PHOTO: Shutterstock
Jesse Frost
March 1, 2018

One of the biggest challenges to starting a farm is working reasonable hours. So often, farmers find themselves laboring away from dawn to dusk, from spring to fall, which can quickly be exhausting and lead to burnout.

There are several simple things you can do to reduce your work hours, though, and open up more time to pursue other hobbies, spend time with the family or just rest. All of those things are important to having a long, happy career in farming. So let’s look at a few ways to rein in your work hours and free up some time.


1. Level the Load

Farmers generally have seasons, and those seasons can be overwhelmingly busy. “Leveling the load” simply involves removing some of the pressure from those busiest times of the year to find other times or actvities to make up for any lost income. This might involve doing some season extension and getting a high tunnel or caterpillar tunnel so you can have some income in the colder months and rely less on the summer. Or it might mean starting a winter mushroom business, or growing a crop whose main work is not in the summer. In other words, add only those enterprises where the bulk of the new labor does not coincide with your busiest time. Is July crazy and February dead? What can you do to make July easier and February more productive?

2. Plan Well

A big part of making farming easier is just having a good plan for the year. Football teams go into games with a game plan, so too should farmers. The analogy holds up because, like football teams, farmers never quite know what the defense will throw at them, or how circumstances might change. But it’s good to have a general plan for what to do and when so you don’t spend time flipping from project to project without specific focuses.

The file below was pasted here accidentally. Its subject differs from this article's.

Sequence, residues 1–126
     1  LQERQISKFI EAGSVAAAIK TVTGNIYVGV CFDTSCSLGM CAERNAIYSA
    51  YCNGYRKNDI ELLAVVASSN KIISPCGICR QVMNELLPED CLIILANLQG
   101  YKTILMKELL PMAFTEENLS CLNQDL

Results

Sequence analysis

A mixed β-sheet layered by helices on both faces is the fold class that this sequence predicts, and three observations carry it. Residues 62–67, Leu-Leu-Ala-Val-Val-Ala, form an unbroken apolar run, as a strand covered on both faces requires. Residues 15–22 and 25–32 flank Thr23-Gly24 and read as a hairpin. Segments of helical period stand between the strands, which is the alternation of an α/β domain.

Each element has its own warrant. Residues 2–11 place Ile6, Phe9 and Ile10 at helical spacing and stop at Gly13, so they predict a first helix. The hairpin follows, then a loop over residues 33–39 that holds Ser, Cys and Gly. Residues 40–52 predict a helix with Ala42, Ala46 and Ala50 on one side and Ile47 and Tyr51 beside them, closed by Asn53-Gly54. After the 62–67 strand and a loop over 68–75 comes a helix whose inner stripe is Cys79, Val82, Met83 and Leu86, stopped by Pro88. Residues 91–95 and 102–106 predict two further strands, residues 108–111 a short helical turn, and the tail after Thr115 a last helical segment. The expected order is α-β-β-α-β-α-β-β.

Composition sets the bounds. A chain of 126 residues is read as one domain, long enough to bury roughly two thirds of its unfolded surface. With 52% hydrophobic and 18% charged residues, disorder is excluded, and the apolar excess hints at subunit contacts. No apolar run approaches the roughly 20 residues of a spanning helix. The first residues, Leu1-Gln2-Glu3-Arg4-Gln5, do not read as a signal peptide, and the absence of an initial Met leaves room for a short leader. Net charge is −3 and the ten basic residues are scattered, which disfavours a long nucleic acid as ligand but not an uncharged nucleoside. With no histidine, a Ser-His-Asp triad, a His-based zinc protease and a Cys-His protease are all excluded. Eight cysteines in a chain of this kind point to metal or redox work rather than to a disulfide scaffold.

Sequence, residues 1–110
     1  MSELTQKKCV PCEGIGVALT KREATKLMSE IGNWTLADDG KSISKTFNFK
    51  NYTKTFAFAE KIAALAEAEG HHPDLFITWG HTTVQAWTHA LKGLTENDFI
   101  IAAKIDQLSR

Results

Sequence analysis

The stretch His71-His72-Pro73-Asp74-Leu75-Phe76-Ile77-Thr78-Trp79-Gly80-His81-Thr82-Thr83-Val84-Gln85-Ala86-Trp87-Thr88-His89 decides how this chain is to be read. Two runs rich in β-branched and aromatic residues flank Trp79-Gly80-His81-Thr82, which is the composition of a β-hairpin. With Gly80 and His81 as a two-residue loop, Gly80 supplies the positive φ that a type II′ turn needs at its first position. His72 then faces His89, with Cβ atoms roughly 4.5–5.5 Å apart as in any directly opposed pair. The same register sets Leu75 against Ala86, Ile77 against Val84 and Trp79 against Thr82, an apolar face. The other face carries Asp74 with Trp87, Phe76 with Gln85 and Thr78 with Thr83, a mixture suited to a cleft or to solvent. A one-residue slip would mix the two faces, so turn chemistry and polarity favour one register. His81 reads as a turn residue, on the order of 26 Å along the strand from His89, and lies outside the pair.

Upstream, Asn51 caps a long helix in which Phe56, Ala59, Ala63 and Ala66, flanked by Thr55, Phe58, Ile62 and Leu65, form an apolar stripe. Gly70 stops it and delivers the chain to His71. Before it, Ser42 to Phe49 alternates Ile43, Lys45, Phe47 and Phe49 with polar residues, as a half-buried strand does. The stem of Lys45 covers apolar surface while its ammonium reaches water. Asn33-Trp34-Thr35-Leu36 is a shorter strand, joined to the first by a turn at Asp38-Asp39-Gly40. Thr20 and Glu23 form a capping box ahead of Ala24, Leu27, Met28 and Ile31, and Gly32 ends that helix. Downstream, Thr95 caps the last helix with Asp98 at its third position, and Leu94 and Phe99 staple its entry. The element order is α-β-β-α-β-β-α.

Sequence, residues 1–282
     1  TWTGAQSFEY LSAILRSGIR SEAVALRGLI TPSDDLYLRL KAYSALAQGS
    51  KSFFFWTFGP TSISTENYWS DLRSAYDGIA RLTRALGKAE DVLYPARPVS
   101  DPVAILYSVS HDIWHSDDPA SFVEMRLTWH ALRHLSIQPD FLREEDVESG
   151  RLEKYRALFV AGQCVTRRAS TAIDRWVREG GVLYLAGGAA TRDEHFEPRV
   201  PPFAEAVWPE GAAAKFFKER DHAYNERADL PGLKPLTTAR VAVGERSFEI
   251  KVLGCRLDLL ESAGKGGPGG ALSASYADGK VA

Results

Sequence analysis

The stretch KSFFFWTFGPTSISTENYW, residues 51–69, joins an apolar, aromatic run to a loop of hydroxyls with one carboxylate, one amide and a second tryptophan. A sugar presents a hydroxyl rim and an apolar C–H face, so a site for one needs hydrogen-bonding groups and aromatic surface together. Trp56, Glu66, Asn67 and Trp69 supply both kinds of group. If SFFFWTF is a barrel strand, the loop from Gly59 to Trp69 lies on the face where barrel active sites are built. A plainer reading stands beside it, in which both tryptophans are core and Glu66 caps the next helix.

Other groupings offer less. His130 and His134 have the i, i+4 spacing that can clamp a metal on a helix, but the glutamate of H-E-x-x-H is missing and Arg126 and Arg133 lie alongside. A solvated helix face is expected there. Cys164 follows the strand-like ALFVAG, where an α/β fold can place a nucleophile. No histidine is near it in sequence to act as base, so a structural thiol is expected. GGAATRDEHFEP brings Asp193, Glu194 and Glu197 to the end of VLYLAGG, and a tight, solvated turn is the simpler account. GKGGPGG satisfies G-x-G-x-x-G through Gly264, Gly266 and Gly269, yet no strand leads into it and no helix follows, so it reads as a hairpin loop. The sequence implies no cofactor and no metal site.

3. Define Your Work Hours

The easy thing to do in farming is simply start working at sunrise and stop at sunset. But by giving yourself specific hours that you are allowed to work, you will find you get a lot more done. You will rush to accomplish what’s needed before “quitting time” arrives. Then you can enjoy more evenings and relax a little.

4. Specialize

The temptation, especially with new farmers, is to grow everything. But it is better and a lot easier to grow a few things really well than to try growing all the things you can. Chefs and restaurants particularly like when a farmer does a few crops really well so they can depend on those farmers for those crops. Having a variety of projects is still a good thing (see above about leveling the load), but doing a few of them well can be a great way to ease the work load.

5. Bring It Closer to Home

One mistake farmers make is growing outward too quickly. I believe you should always grow inward until you absolutely can’t anymore, then grow out. Try and stay close to home to cut down on travel time. If your gardens or animals are right outside and you don’t have to get into a car to tend them, you will find you get a lot more done. So once you’ve filled up the space nearest to your house, you can start slowly working away. Obviously, everyone’s property and goals are different, but an intensive farmer will find it’s a lot harder to fill all the growing space he or she has around the house than it might seem. Are you double cropping beds? Have you built a high tunnel—or perhaps a tunnel with grow lights? Have you ever thought about bees or mushrooms? These can all reduce the amount of space you need and bring in more income.

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